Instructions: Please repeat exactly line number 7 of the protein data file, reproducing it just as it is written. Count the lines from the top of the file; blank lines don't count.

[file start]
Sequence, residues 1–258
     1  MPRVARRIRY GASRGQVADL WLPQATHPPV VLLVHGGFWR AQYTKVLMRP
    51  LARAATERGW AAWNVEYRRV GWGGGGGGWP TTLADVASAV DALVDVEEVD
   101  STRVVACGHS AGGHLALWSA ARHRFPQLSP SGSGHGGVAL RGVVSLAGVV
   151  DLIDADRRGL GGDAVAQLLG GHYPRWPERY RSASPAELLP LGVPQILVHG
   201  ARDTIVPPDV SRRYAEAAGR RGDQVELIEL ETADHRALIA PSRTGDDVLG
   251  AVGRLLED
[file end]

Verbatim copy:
   251  AVGRLLED